Legislatively Speaking – Celebrating the Life of Nelson Mandela
By Senator, Lena C. Taylor
I am deeply saddened by the passing of Nelson Mandela.
One of Mandela’s most commendable traits was his ability to forgive.
Throughout his life, he forgave time and time again even those who pushed him down.
From an early age, Nelson Mandela was determined to change the political climate and end apartheid in South Africa.
Wary of his movement, the South African government quickly imprisoned Mandela for treason.
Mandela’s imprisonment started in 1962, briefly ended, and then continued from 1964 to 1990 after he received a life sentence.
Eighteen of Mandela’s twenty-seven years spent in prison were served at Robin Island in a damp, concrete cell measuring eight by seven feet.
Mandela was subject to intense labor in the camp’s lime quarries, experienced constant verbal and physical harassment by several white prison wardens, and was forcibly isolated from the outside world, receiving infrequent and rare opportunities to contact his friends and family.
In 1990, upon his release from prison, Mandela remarkably showed the world his determination to serve the people of South Africa, rather than any resentment after being unfairly silenced for over two decades.
When reflecting on that day, Mandela stated, “As I walked out the door toward the gate that would lead to my freedom, I knew that if I didn’t leave my bitterness and hatred behind, I’d still be in prison”.
As a newly free man, Nelson Mandela was fueled with determination to both serve the people who once oppressed him, and the people who remained oppressed; as Mandela famously once said, “it always seems impossible until it’s done”.
Mandela had the unique capacity to come from an unbiased perspective- he did not fight solely for black rights, he fought for everyone: “I have fought against white domination, and I have fought against black domination.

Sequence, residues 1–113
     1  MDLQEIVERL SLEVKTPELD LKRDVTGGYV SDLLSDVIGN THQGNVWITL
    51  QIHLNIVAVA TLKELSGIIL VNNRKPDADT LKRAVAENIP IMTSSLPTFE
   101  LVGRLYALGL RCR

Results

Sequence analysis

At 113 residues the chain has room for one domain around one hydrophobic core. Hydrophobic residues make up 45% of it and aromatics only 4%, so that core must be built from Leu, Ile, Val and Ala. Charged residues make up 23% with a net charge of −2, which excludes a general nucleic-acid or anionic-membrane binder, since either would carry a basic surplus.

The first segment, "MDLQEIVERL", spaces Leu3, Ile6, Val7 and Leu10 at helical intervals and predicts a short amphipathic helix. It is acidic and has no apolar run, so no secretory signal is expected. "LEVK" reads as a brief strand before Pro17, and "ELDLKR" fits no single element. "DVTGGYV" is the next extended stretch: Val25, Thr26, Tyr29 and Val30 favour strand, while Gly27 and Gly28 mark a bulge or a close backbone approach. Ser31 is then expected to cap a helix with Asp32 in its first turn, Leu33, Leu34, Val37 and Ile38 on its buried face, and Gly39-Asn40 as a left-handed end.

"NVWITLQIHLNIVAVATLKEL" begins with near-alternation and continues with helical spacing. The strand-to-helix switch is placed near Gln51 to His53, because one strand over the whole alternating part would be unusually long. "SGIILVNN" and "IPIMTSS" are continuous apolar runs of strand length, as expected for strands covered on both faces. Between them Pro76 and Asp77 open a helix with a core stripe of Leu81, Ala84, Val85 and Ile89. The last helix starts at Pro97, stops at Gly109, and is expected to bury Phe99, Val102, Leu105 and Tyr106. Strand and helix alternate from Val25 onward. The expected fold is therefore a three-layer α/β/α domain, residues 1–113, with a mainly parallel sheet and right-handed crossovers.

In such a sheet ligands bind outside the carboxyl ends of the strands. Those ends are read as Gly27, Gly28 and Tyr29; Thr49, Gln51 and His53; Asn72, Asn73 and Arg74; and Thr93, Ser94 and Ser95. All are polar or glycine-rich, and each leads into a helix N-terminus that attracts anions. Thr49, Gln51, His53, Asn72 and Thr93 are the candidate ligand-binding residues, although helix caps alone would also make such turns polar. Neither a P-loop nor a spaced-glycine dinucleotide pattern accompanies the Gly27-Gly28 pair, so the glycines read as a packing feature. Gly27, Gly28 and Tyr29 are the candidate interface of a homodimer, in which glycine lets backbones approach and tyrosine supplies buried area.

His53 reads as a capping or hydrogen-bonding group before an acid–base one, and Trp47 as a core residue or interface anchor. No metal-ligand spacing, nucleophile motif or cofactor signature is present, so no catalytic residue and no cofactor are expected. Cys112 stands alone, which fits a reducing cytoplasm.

I have cherished the ideal of a democratic and free society in which all persons live together in harmony and with equal opportunities”.
In 1994, Nelson Mandela was elected as the first black president of South Africa.
A man of many handshakes, Mandela peacefully transformed the country from apartheid.
Prior to his presidency in 1994, South Africa was governed by a single white party with a negligible non-white representation in parliament.
As the first black president, Mandela changed the character and perspective of the South African government; all initiating a new legacy for the county.
Since Mandela’s presidency, South Africa has held four free national elections, expanded party plurality, established fair courts and civil rights, and experienced increased levels of political efficacy among its 53 million people.
Nelson Mandela helped mend the gap between white and black South Africans; a gap that traditionally fueled violence, poverty and conflict throughout the county and its history.
In ending the apartheid and making significant economic reforms, Mandela also jumped started the South African economy; an economy that has now doubled in real terms and leaves the country as the economic superpower in its region.
Nelson Mandela initiated seismic change in the country of South Africa; a level of change that could not be expected of one man.
Nelson Mandela will not only be remembered as one of the greatest leaders, but also as one of the most graceful leaders; a leader who was never sought praise and always acted thoughtfully and with kindness.
Mandela’s legacy of forgiveness will undoubtedly influence the perspectives of many to come, as his unrelenting charisma, tremendous concern for truth, and moral compass will continue to inspire me.
As you and your family celebrate this holiday season and make your New Year’s resolutions, I hope that you consider the ways you can make a difference in our world; in doing so, I ask that you remember the wise words of our fallen hero, “What counts in life is not the mere fact that we have lived.
It is what difference we have made to the lives of others that will determine the significance of the life we lead”.
Join me in mourning our great loss.
As always, I am here to serve!